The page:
Eddie Van Halen dies of cancer, according to son

Eddie Van Halen, rock icon, legendary guitarist and co-founder of Van Halen, has died of cancer. He was 65.

His son, Wolfgang, posted a tribute to the musician to social media on Tuesday. 

“I can’t believe I’m having to write this,” he wrote. “But my father, Edward Lodewijk Van Halen, has lost his long and arduous battle with cancer this morning.” 

Former bandmate Sammy Hagar shared a photo of the two on Twitter. 

"Heartbroken and speechless. My love to the family," Hagar wrote. 

According to FOX News, Van Halen had been battling throat cancer since he was first diagnosed in 2000.

In 2015, Billboard magazine reported Van Halen had tongue cancer, which migrated into his esophagus. Consequently, one-third of his tongue had to be surgically removed. The surgery “slightly” affected his speech, but it didn’t stop him from touring at the time.

Van Halen was best known for his expert use of the electric guitar. His iconic string-bending sound and use of classical styling gave his 1980s heavy metal band a timeless sound. 

Eddie Van Halen was something of a musical contradiction. He was an autodidact who could play almost any instrument, but he couldn’t read music. He was a classically trained pianist who also created some of the most distinctive guitar riffs in rock history. He was a Dutch immigrant who was considered one of the greatest American guitarists of his generation.

Van Halen formed the eponymous rock group with his younger brother Alex, bassist Michael Anthony and lead singer David Lee Roth. Various members would cycle in and out of the band, including later members Hagar and Eddie’s son Wolfgang. 

The bands' original musicians were members of rival high school bands and then attended Pasadena City College together. They combined to form the band Mammoth, but then changed to Van Halen after discovering there was another band called Mammoth.

Eddie and his brother Alex first moved to the United States in the 1960s. Both classically trained musicians eventually produced a demo by Kiss’ Gene Simmons, which led to a breakout success with the release of their debut album, “Van Halen” in 1978. 

“Van Halen” opened with a blistering “Runnin’ With the Devil” and then Eddie Van Halen showed off his astonishing skills in the next song, “Eruption,” a furious 1:42 minute guitar solo that swoops and soars like a deranged bird. The album also contained a cover of the Kinks’ “You Really Got Me” and “Ain’t Talkin’ ’Bout Love.”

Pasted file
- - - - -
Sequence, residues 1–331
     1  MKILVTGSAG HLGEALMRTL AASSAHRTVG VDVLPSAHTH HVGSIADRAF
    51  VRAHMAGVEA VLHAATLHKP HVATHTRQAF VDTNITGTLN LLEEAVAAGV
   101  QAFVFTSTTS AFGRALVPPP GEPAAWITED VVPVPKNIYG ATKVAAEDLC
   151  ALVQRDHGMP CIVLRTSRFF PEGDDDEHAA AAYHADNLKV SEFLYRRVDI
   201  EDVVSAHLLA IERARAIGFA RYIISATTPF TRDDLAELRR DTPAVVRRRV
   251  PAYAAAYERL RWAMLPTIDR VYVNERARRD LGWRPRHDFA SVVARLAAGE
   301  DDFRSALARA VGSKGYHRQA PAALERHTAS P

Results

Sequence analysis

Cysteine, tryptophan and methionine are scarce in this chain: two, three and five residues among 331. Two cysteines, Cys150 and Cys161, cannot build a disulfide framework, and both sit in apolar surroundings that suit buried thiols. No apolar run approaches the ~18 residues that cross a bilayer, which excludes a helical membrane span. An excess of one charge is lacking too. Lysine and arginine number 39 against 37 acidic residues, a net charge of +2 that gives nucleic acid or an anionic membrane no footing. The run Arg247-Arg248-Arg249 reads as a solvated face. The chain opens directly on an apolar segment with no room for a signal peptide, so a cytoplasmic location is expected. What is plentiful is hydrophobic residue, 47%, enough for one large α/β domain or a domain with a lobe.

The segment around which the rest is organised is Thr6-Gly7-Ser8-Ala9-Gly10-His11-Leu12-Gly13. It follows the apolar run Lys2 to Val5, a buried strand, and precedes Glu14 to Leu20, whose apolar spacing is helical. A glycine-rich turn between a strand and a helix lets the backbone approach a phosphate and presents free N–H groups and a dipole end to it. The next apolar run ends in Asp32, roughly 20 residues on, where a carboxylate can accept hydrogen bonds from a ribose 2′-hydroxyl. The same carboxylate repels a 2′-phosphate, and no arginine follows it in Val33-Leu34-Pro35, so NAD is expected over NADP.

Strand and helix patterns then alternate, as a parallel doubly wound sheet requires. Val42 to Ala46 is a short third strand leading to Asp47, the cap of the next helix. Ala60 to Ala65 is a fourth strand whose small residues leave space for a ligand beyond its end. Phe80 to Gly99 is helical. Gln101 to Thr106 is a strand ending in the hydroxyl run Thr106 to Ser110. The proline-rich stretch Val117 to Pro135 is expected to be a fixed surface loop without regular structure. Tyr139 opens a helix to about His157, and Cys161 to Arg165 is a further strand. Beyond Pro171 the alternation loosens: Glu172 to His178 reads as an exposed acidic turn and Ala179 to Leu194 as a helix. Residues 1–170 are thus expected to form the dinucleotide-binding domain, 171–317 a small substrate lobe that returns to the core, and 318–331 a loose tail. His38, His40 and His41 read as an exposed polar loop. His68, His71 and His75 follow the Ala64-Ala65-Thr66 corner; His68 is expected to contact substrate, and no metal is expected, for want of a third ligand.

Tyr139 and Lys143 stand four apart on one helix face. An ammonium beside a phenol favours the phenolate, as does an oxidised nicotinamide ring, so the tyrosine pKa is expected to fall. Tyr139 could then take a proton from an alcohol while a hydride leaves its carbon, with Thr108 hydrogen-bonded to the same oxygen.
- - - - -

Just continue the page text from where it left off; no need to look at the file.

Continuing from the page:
Van Halen In Concert - Chula Vista, CA

CHULA VISTA, CA - SEPTEMBER 30: Guitarist Eddie Van Halen of Van Halen performs on stage at Sleep Train Amphitheatre on September 30, 2015 in Chula Vista, California. (Photo by Daniel Knighton/Getty Images)

Simmons took to Twitter to express heartbreak for the loss of one of rock's greatest guitarists. 

"Eddie was not only a Guitar God, but a genuinely beautiful soul," Simmons wrote

Mike McCready of Pearl Jam told Rolling Stone magazine that listening to Van Halen’s “Eruption” was like hearing Mozart for the first time. “He gets sounds that aren’t necessarily guitar sounds — a lot of harmonics, textures that happen just because of how he picks.”

Van Halen released albums on a yearly timetable — “Van Halen II” (1979), “Women and Children First” (1980), “Fair Warning” (1981) and “Diver Down” (1982) — until the monumental “1984,” which hit No. 2 on the Billboard 200 album charts (only behind Michael Jackson’s “Thriller”). Rolling Stone ranked “1984” No. 81 on its list of the 100 Greatest Albums of the 1980s.

“Eddie put the smile back in rock guitar, at a time when it was all getting a bit brooding. He also scared the hell out of a million guitarists around the world, because he was so damn good. And original,” Joe Satriani, a fellow virtuoso, told Billboard in 2015.

Van Halen is among the top 20 best-selling artists of all time, and the band was inducted into the Rock and Roll Hall of Fame in 2007. Rolling Stone magazine put Eddie Van Halen at No. 8 in its list of the 100 greatest guitarists.

The Associated Press contributed to this story.